Different people have a different sense of what's important as well, because of their experiences. Cancer and Racism are two very different topics, but each is detrimental to our society in its own way. Is curing cancer more important than ending racism? Depends on who you ask. A cancer survivor or an individual who has lost a loved one due to cancer might say yes. A victim of racism who's been discriminated against for years might say the opposite.

And what about a cancer patient who has been a victim of racism for years?


Intentions and Authenticity

Anyone who believes that social media is a good indicator of societal relationships and livelihood of humans, simply hasn't gone deep into questioning what social media provides. Social media provides a front, a front to portray a form of ourselves that we can choose. We can choose the perfect photo, the perfect editing tools, the perfect caption, the perfect location, the perfect company, etc. Then, we get to enjoy a barrage of ego-boosting compliments in the form of likes and comments from people who we probably don't even talk to much.

How genuine is it all? How different is complimenting someone over text or a comment versus in real life? How different is it to talk to a stranger over a text via Tinder or Instagram versus in real life somewhere out in public? It's a totally different ball game, one that's significantly easier online than it is in real life. A cycle of sorts, one that's made us so accustomed to digital relationships that we fumble at the sound of fostering a real life one.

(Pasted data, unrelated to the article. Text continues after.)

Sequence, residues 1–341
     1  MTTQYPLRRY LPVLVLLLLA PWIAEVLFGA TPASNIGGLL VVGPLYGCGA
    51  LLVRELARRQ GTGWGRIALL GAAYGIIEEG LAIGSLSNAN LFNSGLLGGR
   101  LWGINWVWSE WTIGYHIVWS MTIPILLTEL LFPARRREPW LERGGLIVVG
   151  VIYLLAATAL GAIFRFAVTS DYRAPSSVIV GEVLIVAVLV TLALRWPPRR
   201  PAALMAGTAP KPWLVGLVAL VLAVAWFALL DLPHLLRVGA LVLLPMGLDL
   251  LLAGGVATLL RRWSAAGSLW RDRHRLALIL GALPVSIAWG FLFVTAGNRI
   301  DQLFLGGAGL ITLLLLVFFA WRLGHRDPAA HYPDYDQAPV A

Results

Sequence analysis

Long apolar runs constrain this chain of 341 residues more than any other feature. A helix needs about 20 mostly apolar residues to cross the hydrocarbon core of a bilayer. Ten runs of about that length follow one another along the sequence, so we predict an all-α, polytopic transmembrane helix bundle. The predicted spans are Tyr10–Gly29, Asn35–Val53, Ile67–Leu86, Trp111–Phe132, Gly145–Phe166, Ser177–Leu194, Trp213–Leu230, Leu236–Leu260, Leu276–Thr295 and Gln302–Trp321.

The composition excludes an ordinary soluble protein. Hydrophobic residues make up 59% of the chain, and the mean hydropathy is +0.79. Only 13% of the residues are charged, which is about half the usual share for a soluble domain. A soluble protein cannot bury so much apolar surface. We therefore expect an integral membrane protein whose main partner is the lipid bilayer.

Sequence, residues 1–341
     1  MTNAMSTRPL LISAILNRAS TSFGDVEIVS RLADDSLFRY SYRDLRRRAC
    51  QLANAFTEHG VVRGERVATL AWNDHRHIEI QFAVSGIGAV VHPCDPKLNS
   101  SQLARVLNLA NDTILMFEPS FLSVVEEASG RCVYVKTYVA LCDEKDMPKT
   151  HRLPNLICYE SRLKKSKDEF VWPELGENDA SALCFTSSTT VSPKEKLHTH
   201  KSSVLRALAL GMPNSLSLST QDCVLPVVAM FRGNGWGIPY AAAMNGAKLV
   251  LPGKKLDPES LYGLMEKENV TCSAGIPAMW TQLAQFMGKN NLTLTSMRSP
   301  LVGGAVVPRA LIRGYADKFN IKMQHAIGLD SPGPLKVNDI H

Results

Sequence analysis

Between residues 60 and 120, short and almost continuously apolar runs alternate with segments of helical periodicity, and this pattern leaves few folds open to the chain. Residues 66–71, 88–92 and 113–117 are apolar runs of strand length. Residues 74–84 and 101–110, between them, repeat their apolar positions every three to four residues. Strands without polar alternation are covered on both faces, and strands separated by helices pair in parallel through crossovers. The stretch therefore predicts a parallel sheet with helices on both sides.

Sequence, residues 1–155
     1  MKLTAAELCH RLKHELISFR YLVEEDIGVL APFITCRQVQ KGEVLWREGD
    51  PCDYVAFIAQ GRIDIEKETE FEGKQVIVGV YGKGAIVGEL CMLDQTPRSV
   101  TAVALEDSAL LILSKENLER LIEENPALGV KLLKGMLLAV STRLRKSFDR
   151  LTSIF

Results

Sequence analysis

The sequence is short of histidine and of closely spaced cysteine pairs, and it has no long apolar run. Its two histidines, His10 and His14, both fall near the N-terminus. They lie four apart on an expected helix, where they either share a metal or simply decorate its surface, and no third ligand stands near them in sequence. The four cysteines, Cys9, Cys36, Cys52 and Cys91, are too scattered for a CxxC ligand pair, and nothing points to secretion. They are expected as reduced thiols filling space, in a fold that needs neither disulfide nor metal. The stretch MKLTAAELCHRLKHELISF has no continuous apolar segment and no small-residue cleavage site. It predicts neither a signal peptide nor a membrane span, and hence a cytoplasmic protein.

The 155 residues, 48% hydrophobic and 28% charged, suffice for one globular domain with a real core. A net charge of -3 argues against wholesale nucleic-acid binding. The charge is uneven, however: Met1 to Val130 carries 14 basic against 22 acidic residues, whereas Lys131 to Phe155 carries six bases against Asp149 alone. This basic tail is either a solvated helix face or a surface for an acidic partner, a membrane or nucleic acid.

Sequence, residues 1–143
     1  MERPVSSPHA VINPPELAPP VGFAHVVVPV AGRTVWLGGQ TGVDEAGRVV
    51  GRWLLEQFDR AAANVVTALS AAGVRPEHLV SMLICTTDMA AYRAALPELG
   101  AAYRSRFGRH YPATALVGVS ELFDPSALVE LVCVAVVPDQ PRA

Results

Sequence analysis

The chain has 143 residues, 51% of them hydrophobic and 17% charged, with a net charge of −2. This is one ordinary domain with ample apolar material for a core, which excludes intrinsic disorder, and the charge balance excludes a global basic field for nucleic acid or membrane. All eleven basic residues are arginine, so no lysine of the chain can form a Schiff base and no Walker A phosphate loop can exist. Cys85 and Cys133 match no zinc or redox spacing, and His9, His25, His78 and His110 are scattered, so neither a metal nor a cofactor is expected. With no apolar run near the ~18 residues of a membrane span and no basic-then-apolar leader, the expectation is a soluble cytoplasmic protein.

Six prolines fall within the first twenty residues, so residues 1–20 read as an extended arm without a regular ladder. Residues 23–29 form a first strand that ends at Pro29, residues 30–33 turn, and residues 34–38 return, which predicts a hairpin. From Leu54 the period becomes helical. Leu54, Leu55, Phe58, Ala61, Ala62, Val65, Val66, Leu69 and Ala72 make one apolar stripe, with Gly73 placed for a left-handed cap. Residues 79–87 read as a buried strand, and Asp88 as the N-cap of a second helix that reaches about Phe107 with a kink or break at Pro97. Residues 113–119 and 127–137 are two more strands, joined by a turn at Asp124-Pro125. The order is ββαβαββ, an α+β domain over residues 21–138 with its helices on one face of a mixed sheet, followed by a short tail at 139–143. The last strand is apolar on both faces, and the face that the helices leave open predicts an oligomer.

"I have a 15 minute break between my classes if I have two classes in a row. Before smartphones, it used to be students must walk from one building to the other, getting lost on campus, waving to people, talking to them, and so on. Now, everybody is using the phone is a time filler, which I don't think feels good all the time. Since lockdown when I have a break between classes, I try not go get on my phone, and instead practice a yoga pose so that I am fresh for the next round. And I think the biggest thing is awareness of how you're feeling."


A few days ago I was chatting with a colleague of mine about immortality. What would it be like to 'live forever'? He relished the idea, which is where we found some ground to disagree upon. Imagine if we stopped ageing at 25 and were to live forever. We wouldn't have to rely on physical needs like food, water, sleep and shelter, all being optional. What would we do with our lives? Would we have any purpose whatsoever in our activities? How would we foster meaningful relationships with anyone? Because anyone we love will pass away eventually, leaving us behind.

Part of what makes life as it is, is that we know deep down that we won't live forever. And so, everything we do today and tomorrow and afterwards is to make this life count. Nothing would be needed if we lived forever. Removing the element of time would cause a disparity in how we look at the world and people around us. That's what motivates us to live better and better today. Philosophy doesn't have to be an ivory tower. It's not rocket science and it's certainly not a waste of time if you give it a chance. By giving it a chance, you're giving yourself a chance to ask, question and act accordingly.

Because if not, what else will you do?


Podcast Links: